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Cafeteria patio: closed until further notice?

Sunday, March 23, 2014 by Amanda Cummings, Lis Barreto, and Skyler Stanford

Signs like this one posted on the cafeteria doors keep students out of the north courtyard patio. Lis Barreto / The Lightning Rod

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Signs like this one posted on the cafeteria doors keep students out of the north courtyard patio.
Lis Barreto / The Lightning Rod

At S.S.H.S., students have to be in school for around seven hours. This does not include bus rides to and from school or after school activities. The only times a student can be outside during the school day is to walk briefly through the courtyards between classes.

For at least three years, the patio located in the north courtyard fronting the cafeteria hallway has been closed off to students as a lunch spot. When asked why it was closed off, 12th grade principal Eric Schenone said, “It is because of supervision issues. The school’s budget allows only a certain number of staff members, and with so many students in a lunch block there is no one to watch the patio.” It is unclear whether more staff for all lunches will be available any time soon, but no one seems to object to the idea of reopening the area.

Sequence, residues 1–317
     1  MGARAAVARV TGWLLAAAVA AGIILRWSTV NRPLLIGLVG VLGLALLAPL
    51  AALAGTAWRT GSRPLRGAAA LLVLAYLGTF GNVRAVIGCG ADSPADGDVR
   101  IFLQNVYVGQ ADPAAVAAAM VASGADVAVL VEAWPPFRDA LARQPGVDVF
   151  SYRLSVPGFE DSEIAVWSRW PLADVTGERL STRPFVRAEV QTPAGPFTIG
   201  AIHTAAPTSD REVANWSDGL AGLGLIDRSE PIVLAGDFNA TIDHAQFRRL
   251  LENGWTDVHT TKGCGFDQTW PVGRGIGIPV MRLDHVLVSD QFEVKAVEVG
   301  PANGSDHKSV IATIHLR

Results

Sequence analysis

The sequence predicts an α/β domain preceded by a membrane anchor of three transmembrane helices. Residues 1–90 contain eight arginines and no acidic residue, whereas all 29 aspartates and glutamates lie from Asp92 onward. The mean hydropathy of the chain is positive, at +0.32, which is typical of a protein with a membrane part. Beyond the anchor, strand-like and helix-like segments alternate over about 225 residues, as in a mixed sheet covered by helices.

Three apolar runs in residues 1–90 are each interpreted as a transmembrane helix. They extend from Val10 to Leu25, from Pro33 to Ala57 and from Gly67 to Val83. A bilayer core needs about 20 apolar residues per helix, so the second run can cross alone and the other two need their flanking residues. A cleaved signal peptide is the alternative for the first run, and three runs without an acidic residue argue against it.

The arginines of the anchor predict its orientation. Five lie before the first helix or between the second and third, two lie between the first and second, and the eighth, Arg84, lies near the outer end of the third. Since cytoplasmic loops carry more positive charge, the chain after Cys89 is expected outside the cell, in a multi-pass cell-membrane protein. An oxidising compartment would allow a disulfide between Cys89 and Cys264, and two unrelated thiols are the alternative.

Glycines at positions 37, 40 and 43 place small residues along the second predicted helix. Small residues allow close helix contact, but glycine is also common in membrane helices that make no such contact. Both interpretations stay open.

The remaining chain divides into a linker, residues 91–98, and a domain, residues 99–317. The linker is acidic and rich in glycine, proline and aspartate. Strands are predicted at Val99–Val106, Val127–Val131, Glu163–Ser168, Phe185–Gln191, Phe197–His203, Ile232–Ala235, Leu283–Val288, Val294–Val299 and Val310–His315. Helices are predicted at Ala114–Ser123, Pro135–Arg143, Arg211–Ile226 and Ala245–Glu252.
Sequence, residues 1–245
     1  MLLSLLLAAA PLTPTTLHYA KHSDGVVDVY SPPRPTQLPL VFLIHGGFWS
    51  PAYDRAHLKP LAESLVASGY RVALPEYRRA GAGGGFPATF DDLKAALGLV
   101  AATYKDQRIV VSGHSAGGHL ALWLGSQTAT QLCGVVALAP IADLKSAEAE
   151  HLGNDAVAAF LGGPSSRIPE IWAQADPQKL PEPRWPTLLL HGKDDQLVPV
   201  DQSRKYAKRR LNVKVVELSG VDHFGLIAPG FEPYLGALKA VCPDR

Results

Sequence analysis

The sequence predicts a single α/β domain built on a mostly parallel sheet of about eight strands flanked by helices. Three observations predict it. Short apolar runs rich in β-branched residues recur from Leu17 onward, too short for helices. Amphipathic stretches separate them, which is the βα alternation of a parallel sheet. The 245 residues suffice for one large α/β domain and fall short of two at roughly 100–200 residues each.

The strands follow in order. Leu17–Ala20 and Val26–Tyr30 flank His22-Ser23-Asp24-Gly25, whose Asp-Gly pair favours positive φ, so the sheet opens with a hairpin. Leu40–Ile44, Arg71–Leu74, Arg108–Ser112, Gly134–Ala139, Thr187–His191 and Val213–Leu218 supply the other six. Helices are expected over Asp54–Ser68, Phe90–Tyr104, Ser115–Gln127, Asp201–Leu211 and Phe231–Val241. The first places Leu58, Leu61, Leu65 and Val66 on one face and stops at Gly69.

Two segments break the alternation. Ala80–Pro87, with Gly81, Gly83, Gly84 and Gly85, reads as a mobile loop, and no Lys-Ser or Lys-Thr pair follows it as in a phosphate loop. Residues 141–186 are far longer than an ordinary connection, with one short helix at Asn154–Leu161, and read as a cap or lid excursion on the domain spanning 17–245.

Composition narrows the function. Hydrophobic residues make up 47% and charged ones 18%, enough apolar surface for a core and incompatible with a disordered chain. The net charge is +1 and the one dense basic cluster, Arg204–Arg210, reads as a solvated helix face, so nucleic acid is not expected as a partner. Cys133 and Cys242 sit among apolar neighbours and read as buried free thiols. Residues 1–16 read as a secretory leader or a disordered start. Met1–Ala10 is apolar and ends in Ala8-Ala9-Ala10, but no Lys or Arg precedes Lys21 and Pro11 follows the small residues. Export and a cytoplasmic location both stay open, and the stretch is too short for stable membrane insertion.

Now, there is hope for one quite large group of students. The largest lunch is Lunch 2, the 10:51 to 11:31 a.m. lunch time. According to Schenone, during the spring students in this lunch will be allowed to sit in the patio area. The teaching staff doesn’t want to keep the patio closed, according to Schenone.

“I think people are certainly open to it. People like being outside; eating outside. Nobody’s against that. And if we have a staff member… we will take that staff member, station them outside and have students eat outside,” he said. Some students believe that supervision isn’t needed Students Thomas Digiuseppi ’15 and Schuyler Patterson ’17 said that a better way to help the supervision issue would be to make it a specific privilege for certain grade levels so the need for excessive supervision isn’t needed. This doesn’t solve all the problems but it could give the administration peace of mind and the students a little bit of freedom while in school.

While Patterson and Emma Valastro ’16 thought that supervision wasn’t completely needed for high school students, Digiuseppi said some students would abuse privileges like this.

“I’ve seen it happen,” he added.


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